Whether you are five years old or 20, a student, parent, teacher or administrator, understand that we all instinctively learn through a process that aligns with PML. Each person determines how their learning is relevant to them. They figure out a specific path for how they will learn a skill or content and establish expectations for their learning. Then they set up the criteria for defining when they know they’ve learned it to mastery. This process happens every day in any situation.
2. Shifting Teacher, Administrator & Parent Mindsets Takes Time
Most of us grew up in the industrial era of education where students were taught the same content, in large groups, at the same time and pace. Our mastery was determined by a standard grading system tied to assessments that happened the same way and at an arbitrary time for all learners. In this system, the teacher decided what, how and when a student learned.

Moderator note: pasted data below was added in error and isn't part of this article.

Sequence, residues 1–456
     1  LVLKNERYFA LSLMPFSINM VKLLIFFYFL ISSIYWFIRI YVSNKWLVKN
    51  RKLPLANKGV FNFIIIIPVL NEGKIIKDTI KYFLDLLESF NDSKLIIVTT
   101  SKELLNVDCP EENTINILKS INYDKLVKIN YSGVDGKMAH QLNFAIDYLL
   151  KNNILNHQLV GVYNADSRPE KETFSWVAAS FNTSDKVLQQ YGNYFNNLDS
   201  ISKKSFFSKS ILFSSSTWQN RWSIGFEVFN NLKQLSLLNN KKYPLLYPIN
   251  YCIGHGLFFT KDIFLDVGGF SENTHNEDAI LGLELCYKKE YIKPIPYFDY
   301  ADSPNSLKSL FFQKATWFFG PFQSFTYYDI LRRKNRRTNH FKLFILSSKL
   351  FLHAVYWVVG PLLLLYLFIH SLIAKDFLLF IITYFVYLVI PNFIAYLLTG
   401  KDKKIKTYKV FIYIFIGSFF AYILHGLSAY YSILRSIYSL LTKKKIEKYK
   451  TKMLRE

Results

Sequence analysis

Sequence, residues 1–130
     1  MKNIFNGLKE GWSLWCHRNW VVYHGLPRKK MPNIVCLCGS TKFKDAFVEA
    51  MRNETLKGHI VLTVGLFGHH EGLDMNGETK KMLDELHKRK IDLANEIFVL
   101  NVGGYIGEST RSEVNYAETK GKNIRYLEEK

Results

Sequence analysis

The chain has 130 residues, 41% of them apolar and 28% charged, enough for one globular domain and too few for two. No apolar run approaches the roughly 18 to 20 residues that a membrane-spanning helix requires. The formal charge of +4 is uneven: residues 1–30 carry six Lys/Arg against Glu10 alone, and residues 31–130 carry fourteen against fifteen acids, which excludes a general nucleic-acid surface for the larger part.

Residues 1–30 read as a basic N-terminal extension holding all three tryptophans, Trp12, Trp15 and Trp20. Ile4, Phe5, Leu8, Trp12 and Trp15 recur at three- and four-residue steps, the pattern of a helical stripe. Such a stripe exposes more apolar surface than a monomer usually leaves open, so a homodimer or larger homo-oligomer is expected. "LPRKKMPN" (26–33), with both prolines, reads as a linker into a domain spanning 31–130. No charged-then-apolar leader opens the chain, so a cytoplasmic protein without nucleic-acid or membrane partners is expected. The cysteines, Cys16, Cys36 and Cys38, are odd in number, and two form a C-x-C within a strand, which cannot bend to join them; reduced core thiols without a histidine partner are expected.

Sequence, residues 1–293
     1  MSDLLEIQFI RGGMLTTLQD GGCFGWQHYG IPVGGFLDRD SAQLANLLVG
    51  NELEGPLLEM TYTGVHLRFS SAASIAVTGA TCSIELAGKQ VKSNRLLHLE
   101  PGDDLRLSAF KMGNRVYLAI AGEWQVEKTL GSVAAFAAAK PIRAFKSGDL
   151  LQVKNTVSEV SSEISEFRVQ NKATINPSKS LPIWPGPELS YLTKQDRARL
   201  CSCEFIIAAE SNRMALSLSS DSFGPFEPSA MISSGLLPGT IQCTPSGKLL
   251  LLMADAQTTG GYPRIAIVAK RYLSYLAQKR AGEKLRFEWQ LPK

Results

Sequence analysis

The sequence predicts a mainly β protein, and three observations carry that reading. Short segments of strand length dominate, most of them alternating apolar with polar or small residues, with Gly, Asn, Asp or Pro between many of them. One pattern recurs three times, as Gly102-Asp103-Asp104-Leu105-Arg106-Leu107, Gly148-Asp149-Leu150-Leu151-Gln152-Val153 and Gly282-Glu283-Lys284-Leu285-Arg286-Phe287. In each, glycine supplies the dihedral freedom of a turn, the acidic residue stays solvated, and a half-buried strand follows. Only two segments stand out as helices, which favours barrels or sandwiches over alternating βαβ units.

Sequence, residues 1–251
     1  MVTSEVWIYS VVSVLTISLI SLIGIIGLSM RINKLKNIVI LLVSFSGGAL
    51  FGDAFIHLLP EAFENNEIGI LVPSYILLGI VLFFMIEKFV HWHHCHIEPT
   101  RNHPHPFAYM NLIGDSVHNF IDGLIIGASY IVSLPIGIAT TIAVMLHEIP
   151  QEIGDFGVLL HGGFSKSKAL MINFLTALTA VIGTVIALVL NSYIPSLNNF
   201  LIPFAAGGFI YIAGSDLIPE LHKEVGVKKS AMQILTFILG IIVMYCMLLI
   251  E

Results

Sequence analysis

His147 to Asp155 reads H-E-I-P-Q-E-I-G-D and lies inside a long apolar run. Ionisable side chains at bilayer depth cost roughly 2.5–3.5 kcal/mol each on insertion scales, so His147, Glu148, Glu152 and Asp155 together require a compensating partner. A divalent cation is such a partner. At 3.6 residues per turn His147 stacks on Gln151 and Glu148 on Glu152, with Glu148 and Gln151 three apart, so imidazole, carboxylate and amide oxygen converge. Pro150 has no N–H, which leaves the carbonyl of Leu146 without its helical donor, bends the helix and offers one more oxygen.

PML challenges this model by making students an active, collaborative partner in the learning equation. In PML, students learn at a pace that’s right for  them, their passions and interests drive their learning and both the student and the teacher determine what, how and when students learn.
PML is a dramatically different learning experience for a majority of people. It requires a change  in mindsets and changing mindsets take time. Giving everyone the proper tools and information to learn PML and then the time for habits to change, will give a school the space to succeed in PML implementation.
3. A High Level of Support is Necessary for Your Entire School Team